What’s in a name?

Cold HamBack in the day (as one of my favourite reality TV characters is wont to say) I spent a few years working for an advertising agency.

It was a time when just about every agency seemed to have its genesis in a long and liquid lunch.  One minute Mike Pickles, David Ham, and Peter Cold were ordering their fourth bottle of Penfolds Bin Something-or-Other; the next Cold, Ham & Pickles (Advertising) Limited was making a play for a serious chunk of Nestlé’s advertising budget.

Of course, what had seemed to be such a good idea over a glass or two of Shiraz didn’t always turn out to be such a good idea in real life.  Within a year or so, one of the original chums had usually folded his tent and gone off to join the alphabet soup in the building across the street.  For a while, Cold, Ham & Pickles would probably box on as Cold, Ham & Pickles – only without Mr Ham.  But then, once the stock of printed stationery was down to a manageable level, they would probably ‘rebrand’ as Cold Pickles.  Keep it simple.

This would be good news for Mike Pickles.  His name would have been on the letterhead from the start.  But people probably referred to the agency simply as Cold Ham.  (Advertising and marketing people are like that.)  Now, with Dave Ham a part of Dinster, Denster, Dumpster & Ham, Mr Pickles’ visibility would suddenly be more … well … visible.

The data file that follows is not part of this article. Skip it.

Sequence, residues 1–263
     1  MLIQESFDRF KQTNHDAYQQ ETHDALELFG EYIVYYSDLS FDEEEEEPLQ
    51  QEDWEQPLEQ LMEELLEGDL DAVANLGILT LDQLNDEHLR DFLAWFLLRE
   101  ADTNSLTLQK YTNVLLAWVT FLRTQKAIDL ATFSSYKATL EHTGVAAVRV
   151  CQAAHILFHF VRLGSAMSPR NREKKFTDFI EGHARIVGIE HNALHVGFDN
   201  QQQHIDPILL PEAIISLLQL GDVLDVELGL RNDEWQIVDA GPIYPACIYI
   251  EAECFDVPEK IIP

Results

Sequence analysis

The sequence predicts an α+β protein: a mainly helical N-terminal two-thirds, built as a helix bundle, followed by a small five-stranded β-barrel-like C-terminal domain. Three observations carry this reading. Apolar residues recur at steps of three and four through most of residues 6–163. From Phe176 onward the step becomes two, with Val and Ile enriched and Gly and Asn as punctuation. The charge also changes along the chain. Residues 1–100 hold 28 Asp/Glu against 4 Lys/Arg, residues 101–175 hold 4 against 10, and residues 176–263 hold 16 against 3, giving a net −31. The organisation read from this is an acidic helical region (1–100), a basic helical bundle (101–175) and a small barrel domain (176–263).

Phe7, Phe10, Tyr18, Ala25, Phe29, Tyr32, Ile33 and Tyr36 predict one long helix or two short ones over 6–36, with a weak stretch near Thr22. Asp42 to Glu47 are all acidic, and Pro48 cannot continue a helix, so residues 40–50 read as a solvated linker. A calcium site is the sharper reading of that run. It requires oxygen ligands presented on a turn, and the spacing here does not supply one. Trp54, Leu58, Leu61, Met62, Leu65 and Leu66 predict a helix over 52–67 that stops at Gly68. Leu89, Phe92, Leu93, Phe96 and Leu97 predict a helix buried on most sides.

But another out-of-control lunch was never far away.  And, after another four or five bottles of Bin Whatever, it would probably seem like a good idea to merge with the up-and-coming creative team of George Radish and Simon Mustard to form Cold Pickles Radish & Mustard.

And maybe, for a while, the new set up would go from strength to strength, winning some important new business pitches, and picking up creative awards left, right, and centre.  CPRM (as it probably became known) may even have been nominated for Ad Agency of the Year.

But nothing lasts for ever.  Over yet another long lunch, the creative genius that was Simon Mustard would probably announce that he was moving to New York.  Or Prague.  Or maybe Kathmandu.

Without the magical touch of Simon, CPR (no M) could never be what it had once been.  With a steady drift of star clients to pastures more creative, the future for CPR (no M) would begin to look decidedly less rosy.  The options would seem few and far between.

Over several bottles of Penfolds Bin I-Can’t-Remember, the remaining partners, Pete, Mike, and George, would probably think that it made good sense to merge with Noteworthy Overend & Willis.  While Pete phoned Andrew Noteworthy to sound him out on the idea, George probably even sketched a logo for CPR:NOW on the back of the wine list.

Sadly, by then it was usually too late.  The patient was already as good as dead.

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